Tech giants aren’t philanthropies. There’s a reason they’re betting on open source: it’s good for business.

Smaller companies need open source contribution policies too, but those can be radically simple.

Photo by Nikola Johnny Mirkovic on Unsplash

Software foundations have increasingly started helping non-corporate backed contributors with travel expenses. W3C has been lagging way behind. Until last year, “invited experts”—W3C jargon for individual contributors—even had to pay to attend the technical conference in which they come work for free. It’s time for change.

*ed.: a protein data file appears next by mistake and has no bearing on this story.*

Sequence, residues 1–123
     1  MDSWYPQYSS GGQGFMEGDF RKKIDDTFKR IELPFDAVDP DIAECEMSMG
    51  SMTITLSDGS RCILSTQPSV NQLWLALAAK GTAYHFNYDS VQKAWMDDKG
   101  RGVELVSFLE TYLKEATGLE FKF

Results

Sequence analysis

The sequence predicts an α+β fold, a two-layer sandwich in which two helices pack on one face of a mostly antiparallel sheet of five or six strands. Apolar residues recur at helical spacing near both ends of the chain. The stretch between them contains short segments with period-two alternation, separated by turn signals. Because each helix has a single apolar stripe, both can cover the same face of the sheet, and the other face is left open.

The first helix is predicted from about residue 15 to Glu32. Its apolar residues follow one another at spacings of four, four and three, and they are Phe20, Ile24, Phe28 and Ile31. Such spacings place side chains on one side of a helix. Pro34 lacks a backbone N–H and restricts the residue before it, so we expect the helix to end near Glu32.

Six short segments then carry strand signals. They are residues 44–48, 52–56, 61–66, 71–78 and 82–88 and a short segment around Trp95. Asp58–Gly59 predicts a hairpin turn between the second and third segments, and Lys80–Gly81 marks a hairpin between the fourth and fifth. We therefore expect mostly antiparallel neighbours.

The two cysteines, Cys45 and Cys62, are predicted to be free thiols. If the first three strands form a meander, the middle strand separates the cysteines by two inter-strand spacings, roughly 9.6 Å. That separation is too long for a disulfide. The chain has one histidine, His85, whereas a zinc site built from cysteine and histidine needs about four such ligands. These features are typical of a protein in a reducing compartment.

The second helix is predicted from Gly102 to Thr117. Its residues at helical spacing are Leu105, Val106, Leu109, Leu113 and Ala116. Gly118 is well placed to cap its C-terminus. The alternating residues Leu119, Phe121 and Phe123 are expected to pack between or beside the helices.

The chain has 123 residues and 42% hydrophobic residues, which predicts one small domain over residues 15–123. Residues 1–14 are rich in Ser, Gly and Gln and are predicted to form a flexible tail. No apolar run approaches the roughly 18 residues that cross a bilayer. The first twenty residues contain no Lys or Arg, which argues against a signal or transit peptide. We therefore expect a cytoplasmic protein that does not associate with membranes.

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According to GitHub’s 2017 open source survey, 37% of contributors to open source projects don’t know whether their work contract allows them to contribute to open source outside of work. Another 12% need to get permission before doing so.

Photo by Parker Gibbons on Unsplash

Alexandria Ocasio-Cortez and Kerri Evelyn Harris photographed by Corey Torpie (CC BY 2.0)

Developers often intuitively assess the health of open source dependencies they decide to take on. What can we learn from their practice?

How open source widens wage and position gaps in tech and what companies can do about it.

Photo by Josh Appel on Unsplash

Tobie Langel

Open Source & Web Standards Consultant.

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